Scientists say that most of the antiprotons in the Milky Way are formed in cosmic rays hitting the atmosphere before being trapped inside a magnetic field.
The remaining population comes from collisions between antihydrogen atoms and antiprotons from radioactive elements found all over space.
They get recycled again and again.
The oldest stars in our Galaxy contain up to 70 billion times more antihydrogen—a quantity comparable to the number of antiprotons in the entire Milky Way galaxy.
Although our Sun cannot produce enough antiprotons to account for these huge amounts of antihydrogen, researchers think that young stars and supernovas could contribute significantly to their abundance in galaxies like ours.
Why Do Scientists Want To Know More About Antimatter?
Antiparticles are the simplest examples of matter and antimatter.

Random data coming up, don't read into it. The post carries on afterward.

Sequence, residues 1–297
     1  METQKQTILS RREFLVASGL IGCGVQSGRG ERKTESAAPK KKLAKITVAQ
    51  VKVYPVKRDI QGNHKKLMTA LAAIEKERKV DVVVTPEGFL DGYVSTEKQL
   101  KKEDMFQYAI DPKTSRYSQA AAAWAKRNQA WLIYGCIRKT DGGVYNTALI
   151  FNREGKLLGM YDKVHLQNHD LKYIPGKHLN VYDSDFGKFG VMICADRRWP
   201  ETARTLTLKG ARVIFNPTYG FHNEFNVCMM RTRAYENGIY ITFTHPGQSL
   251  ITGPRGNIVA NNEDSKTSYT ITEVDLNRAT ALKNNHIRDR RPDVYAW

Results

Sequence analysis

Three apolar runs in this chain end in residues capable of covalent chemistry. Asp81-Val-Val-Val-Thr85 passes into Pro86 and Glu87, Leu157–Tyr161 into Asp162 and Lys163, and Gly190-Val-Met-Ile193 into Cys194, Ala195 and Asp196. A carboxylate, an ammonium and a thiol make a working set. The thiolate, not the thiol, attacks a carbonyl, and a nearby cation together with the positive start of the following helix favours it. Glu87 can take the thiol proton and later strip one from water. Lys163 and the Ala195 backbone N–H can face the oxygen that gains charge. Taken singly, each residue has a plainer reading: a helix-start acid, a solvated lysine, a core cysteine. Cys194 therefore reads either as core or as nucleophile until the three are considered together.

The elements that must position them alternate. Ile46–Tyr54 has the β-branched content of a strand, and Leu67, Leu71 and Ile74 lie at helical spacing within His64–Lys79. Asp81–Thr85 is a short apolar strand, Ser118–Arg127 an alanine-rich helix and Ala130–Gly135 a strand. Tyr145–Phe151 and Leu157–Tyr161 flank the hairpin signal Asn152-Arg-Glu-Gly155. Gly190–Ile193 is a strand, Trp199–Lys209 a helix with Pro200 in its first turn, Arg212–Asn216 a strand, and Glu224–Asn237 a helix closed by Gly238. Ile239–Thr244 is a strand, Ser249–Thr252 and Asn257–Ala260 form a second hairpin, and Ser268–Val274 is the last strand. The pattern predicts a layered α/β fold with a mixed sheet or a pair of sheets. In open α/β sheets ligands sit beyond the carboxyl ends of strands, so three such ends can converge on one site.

Finding antimatter, therefore, would provide the only unambiguous test for models that predict such quantities to be equal.
More specifically, if we find that the observed ratio of matter to antimatter exceeds the predictions of standard Big Bang Theory, we will have strong support for the idea that ordinary matter and antimatter annihilate each other in the early exotic forms of elementary matter; thus, by studying them, we gain insight into more complex objects that may exist elsewhere in the Cosmos.
Moreover, this knowledge can help us address outstanding questions in astrophysics.
The problem of finding an explanation for the excess of baryonic matter over antibaryonic matter in the universe is one of the main unsolved problems in modern cosmology.
This question has been approached using several methods: measuring the abundances of light nuclei, looking at the behavior of relic photons after recombination, and searching for signs of annihilation or decay products.
However, none of these approaches allows for absolute conclusions regarding the relative abundances.
Matter Over Antimatter?